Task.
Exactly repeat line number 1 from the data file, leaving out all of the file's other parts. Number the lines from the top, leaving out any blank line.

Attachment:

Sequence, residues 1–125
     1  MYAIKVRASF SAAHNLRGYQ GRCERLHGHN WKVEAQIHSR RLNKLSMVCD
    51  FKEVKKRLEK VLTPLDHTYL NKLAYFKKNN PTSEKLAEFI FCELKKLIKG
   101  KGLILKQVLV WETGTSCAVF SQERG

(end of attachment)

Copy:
Sequence, residues 1–125